Some gardening books happen to be on my shelves, and some are there because I tracked them down.
Books by gardener and garden writer Page Dickey are worth tracking down.
I found a used copy of Gardens in the Spirit of Place online because I was intrigued by the title and because I had grown to appreciate Dickey’s writing in other works.
Gardens cannot exist apart from the particular qualities of particular places, and yet it is far too easy to forget about place when we first begin to design and grow a garden.
Whether we garden in a place already full of character or are looking to inject a bit of character into an otherwise ordinary space, the gardens featured in this photographic book will inform and inspire (even if they might also make us wish for a larger budget of time and money to spend on our gardens!).
Dickey writes about American gardens on farmland, woodland, seaside, and desert from Maine to Texas and on to California. What unites the gardens showcased in this book is that, in Dickey’s words, they “are in harmony with their landscape and celebrate their regionality.”
Here are three things I love about this book:
- It’s inspiring! The writing and photography celebrate such very different gardens that I am reminded to appreciate the unique qualities of my garden rather than wish I had a different kind of climate or soil.
- It’s personal. Dickey has listened to these gardeners and shares their unique perspectives as well as her own. These gardens may have been designed with professional help, but each one is also a very personal expression.
- It celebrates limits. Not everything will grow well in our gardens, but that’s not a bad thing. Rather, it’s a big part of why our own garden will be special.
Who is this book for?
This book will be enjoyed by anyone who loves visiting gardens, but it will probably feel most useful to those who are gardening on a bit of space. It will especially interest those gardeners who are struggling to celebrate the limits of their particular climate or topography.
I was especially encouraged by the words of a Virginia gardener who “welcomes the challenge of gardening in the South, coming to grips with its heat and humidity.” I’m afraid I generally DO NOT welcome the challenge of summer heat and humidity, but I will remember this garden portrait come July.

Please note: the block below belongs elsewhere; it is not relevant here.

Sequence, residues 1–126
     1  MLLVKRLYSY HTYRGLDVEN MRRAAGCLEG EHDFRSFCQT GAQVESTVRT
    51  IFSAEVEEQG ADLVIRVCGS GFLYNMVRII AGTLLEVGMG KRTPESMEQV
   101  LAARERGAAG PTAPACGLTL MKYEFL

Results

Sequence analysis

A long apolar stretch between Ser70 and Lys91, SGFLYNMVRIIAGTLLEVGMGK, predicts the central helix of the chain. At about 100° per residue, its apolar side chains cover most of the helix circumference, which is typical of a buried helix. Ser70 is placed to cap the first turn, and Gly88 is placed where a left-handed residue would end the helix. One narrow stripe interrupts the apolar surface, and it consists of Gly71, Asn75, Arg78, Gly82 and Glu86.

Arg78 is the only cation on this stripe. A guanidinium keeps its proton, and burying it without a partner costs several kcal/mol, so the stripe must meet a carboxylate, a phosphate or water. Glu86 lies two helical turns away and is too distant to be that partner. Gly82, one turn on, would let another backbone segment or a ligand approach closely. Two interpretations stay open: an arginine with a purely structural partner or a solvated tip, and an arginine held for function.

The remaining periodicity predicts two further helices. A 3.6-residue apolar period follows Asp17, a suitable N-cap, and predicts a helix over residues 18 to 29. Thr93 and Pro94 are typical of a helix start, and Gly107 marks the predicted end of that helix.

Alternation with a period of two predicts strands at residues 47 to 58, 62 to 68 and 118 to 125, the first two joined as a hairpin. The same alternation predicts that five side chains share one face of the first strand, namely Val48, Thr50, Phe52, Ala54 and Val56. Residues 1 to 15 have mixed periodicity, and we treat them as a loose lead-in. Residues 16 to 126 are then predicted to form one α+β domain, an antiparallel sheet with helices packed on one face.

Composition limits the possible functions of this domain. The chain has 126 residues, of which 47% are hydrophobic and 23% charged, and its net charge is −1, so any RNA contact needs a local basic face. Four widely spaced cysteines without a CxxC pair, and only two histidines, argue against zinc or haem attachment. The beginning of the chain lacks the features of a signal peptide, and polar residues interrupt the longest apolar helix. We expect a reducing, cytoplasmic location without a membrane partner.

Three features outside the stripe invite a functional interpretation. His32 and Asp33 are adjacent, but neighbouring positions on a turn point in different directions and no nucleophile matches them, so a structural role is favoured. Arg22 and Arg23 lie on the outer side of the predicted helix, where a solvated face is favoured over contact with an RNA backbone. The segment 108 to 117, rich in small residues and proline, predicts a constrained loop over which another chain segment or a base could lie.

Is this a book to buy or borrow?
I love collecting gardening books with beautiful photography and slightly out-of-reach inspirational gardens.
I re-read these books year after year. However, if you are not a collector of gardening books, you might prefer to look for this one at your library.
My favorite garden portraits from this book:
- I loved reading about a rural garden set in the dry, stony landscape of the Texas Hill Country. It’s a landscape I know and love, but it was also incredibly helpful to read about how this garden designer relished the limitations of extreme heat and drought.
- I was inspired by a woodland garden in Delaware that prominently features moss, but I appreciated the gardener’s admission that his garden is high maintenance. It’s helpful to know that I can’t achieve the same look unless I am willing to spend time with sprinkler and hose.
- The portrait of a Wisconsin farm garden is one I know I will return to because it seems so simple and attainable. When I am feeling overwhelmed by ambitious garden plans that I may never be able to achieve, I will be encouraged by this reminder that simple terra cotta pots, filled with pelargoniums, and lined up along a path are utterly enchanting and hold up well even against the fanciest, most professional garden designs.